3. Germany: Michael Schulte – ‘You Let Me Walk Alone’

4. Italy: Ermal Meta & Fabrizio Moro – ‘Non mi avete fatto niente’

5. Spain: Alfred & Amaia – ‘Tu canción’

6. United Kingdom: SuRie – ‘Storm’

Who’s tipped to win?

The current favourite is Israel’s Netta, with her chicken-noise-filled song ‘Toy’. Yes, we said chicken-noise:

Estonia is the second favourite with this opera number:

As for the UK, our odds are pretty slim at 100/1 as of mid-March. Oh dear!

And the Czech Republic are the third favourites with this insanely catchy tune:

All the songs on Spotify

Bangour Village, The Scottish Haunted Psychiatric Hospital 😱

Bangour Village, The Scottish Haunted Psychiatric Hospital 😱

Picture by Paleblue Photography 

Bangour Village Hospital was a psychiatric hospital located west of Dechmont in West Lothian, Scotland. It was officially opened in October 1906 (under the name Edinburgh District Asylum), over two years after the first patients were admitted in June 1904. In 1918 Bangour General Hospital was created in the grounds, but the hospital began winding down in 1989 with services being transferred to the newly built St. John’s Hospital in the Howden area of Livingston. The final ward at Bangour eventually closed in 2004.

 

One of the villas towards the south east corner of the site carries graffiti applied in red paint: “MY MUM PUT ME HERE!” What makes this so chilling is the knowledge that for a century this vast complex of buildings served as a mental hospital, and you cannot help but wonder about the human story behind the graffiti: and then realise that it was just one of many thousands of individual human stories that would have been played out here during the hospital’s active life.

A villa in a mental hospital? In 1902 the Edinburgh District Lunacy Board purchased the 960 acre Bangour Estate. The aim was to build what for Scotland would be a new kind of mental hospital based on the “Continental Colony” system.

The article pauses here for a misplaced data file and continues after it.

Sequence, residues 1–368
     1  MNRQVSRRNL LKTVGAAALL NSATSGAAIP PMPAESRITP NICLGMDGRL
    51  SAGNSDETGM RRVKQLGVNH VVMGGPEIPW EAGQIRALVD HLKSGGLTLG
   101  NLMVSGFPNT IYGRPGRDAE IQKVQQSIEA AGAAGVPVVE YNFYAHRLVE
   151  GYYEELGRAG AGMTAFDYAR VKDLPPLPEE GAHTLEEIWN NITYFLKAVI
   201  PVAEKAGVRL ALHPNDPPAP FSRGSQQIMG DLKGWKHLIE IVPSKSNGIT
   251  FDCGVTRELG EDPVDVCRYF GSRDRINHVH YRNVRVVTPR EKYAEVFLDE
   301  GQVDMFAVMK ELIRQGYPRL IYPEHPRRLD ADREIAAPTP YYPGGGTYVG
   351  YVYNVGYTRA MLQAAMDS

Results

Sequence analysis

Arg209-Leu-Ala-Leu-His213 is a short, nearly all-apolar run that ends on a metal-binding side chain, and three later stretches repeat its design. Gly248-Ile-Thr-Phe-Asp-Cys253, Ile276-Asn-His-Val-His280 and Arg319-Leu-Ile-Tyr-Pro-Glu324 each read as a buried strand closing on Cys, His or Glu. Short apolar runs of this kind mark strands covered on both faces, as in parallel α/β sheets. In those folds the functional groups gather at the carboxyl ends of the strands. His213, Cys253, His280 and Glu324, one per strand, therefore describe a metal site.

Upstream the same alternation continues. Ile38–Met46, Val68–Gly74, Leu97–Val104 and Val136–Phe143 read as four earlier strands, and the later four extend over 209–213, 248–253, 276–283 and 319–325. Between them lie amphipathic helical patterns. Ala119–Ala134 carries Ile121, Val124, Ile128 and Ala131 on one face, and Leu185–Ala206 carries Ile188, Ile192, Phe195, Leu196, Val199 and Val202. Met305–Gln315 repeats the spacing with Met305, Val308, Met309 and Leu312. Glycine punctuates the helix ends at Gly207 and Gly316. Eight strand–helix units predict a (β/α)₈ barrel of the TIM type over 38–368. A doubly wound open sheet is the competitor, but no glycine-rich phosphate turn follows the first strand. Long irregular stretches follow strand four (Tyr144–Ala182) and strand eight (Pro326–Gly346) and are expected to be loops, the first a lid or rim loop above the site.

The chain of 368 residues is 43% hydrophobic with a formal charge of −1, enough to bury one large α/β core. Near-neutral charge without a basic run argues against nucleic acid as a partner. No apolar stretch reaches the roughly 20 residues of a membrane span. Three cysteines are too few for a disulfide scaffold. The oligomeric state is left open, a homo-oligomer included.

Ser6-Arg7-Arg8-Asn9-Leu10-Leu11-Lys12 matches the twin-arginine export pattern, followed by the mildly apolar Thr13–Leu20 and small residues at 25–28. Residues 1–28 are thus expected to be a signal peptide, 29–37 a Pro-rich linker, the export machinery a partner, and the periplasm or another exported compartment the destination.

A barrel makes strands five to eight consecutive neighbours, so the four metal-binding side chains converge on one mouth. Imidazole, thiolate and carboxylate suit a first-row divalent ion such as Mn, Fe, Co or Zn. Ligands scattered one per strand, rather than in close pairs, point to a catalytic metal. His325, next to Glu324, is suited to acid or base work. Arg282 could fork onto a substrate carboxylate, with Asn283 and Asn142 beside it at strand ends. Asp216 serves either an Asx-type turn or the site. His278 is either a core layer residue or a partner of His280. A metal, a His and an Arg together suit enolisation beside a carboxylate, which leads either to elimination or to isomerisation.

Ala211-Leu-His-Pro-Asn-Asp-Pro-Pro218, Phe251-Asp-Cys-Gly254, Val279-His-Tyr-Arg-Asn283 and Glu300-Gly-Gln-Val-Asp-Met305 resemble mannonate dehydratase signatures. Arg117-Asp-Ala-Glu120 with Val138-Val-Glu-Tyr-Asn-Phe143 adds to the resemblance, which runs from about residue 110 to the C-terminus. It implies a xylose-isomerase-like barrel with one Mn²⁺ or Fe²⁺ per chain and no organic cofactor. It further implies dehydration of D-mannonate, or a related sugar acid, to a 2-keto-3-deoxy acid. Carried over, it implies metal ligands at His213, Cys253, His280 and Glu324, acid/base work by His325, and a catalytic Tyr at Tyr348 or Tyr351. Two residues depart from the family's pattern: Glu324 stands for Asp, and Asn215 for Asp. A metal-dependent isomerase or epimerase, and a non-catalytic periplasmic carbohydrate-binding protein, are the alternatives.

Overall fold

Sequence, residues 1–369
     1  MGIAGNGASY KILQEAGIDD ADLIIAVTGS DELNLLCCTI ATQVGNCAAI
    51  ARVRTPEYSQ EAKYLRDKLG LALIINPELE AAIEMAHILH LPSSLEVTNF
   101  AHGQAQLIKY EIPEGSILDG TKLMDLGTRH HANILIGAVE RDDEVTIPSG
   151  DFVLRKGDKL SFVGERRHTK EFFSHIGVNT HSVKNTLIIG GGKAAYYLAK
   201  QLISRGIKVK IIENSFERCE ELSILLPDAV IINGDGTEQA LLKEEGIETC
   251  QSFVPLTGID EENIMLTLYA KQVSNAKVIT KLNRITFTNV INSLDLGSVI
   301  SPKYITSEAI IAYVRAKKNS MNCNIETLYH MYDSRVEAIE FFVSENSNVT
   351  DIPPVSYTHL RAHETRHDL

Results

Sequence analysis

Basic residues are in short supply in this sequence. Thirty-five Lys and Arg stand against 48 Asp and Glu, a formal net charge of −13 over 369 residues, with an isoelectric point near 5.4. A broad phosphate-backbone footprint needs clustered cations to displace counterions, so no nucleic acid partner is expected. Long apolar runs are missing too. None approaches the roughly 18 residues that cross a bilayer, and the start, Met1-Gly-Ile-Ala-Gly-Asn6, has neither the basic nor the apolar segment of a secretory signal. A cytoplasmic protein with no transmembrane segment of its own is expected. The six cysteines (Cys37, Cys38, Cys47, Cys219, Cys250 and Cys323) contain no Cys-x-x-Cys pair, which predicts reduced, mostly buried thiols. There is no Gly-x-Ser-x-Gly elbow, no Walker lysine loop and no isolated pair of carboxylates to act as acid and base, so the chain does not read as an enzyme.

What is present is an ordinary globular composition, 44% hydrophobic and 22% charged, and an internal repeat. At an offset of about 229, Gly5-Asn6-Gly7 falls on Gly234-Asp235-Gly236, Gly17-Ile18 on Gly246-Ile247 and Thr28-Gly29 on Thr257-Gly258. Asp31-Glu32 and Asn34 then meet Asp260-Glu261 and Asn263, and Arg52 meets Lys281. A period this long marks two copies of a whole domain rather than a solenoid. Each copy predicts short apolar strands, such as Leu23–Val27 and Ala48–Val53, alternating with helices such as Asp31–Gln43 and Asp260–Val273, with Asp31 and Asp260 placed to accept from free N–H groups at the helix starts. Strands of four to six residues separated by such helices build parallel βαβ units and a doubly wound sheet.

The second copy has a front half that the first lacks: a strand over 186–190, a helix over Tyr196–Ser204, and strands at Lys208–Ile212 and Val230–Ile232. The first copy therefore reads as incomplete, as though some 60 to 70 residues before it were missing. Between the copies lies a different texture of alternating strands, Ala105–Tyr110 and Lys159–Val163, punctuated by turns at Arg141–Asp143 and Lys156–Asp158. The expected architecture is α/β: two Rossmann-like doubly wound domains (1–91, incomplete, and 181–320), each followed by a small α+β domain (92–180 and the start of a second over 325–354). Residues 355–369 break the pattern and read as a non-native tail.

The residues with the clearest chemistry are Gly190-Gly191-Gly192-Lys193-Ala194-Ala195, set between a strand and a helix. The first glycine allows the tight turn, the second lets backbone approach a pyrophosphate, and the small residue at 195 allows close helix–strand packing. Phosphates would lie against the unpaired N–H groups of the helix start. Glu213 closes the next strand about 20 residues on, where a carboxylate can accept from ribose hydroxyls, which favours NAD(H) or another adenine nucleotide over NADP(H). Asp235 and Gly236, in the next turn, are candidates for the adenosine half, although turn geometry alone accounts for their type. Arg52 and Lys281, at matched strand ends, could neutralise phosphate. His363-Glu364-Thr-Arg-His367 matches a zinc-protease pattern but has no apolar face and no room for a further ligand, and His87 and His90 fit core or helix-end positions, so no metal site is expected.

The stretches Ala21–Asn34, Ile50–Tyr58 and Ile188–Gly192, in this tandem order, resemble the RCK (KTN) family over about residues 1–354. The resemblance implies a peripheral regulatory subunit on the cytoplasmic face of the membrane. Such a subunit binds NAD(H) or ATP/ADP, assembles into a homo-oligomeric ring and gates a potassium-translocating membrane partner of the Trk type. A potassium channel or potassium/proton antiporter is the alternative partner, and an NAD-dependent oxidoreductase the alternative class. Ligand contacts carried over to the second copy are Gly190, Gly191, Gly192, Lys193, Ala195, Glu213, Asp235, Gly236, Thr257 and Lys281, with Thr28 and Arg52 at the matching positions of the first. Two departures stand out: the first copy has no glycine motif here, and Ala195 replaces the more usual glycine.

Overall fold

Do you want to read more creepy details about this place?

Read the very interesting article on undiscoveredscotland.co.uk

 

 

This abandoned village hospital housed mental patients and world war patients in Scotland – Bathgate is secluded and surrounded by woodlands.

 

Gavin Bell, Shaunvlog, Erin aka BeautyCreep & Wee Scottish Lass aka MoscoMoon went to Bangour Village Hospital.

The perfect place for some creepy Halloween vlogs.

 

 

Want to see more? 

Check out all the creepy photos on instagram.

Top 10 Things You Must Do In Scotland

Top 10 Things You Must Do In Scotland

An aerial and time-lapse tour around one of the world’s greatest countries. Filmed by Airborne Lens and Airborne Media Productions throughout 2016.

 

Featuring (in order): Rannoch Moor, Forth Bridge, Glencoe, Glen Etive, The Enchanted Forest, Dundee, Edinburgh, Eilean Donan Castle, Floors Castle, Culzean Castle, Kilchurn Castle, Drummond Castle, and Gardens Portree Harbour Kilt Rock, Isel of Skye, Sligachan, Quiraing, Glenbrittle, Aberfeldy Dewars Distillery, Talisker Distillery Carbost, Rannoch Moor, Pass of Glencoe, Buachaille Etive Mòr, Kelvingrove, Glasgow, Glasgow University, Scott’s View, Abbotsford House, St Mary’s Loch, Inverness, Kessock Bridge, Dunnet Beach, John o’Groats, Brough Bay, Moray Firth, Loch Droma, Edinburgh Castle and Holyrood Park.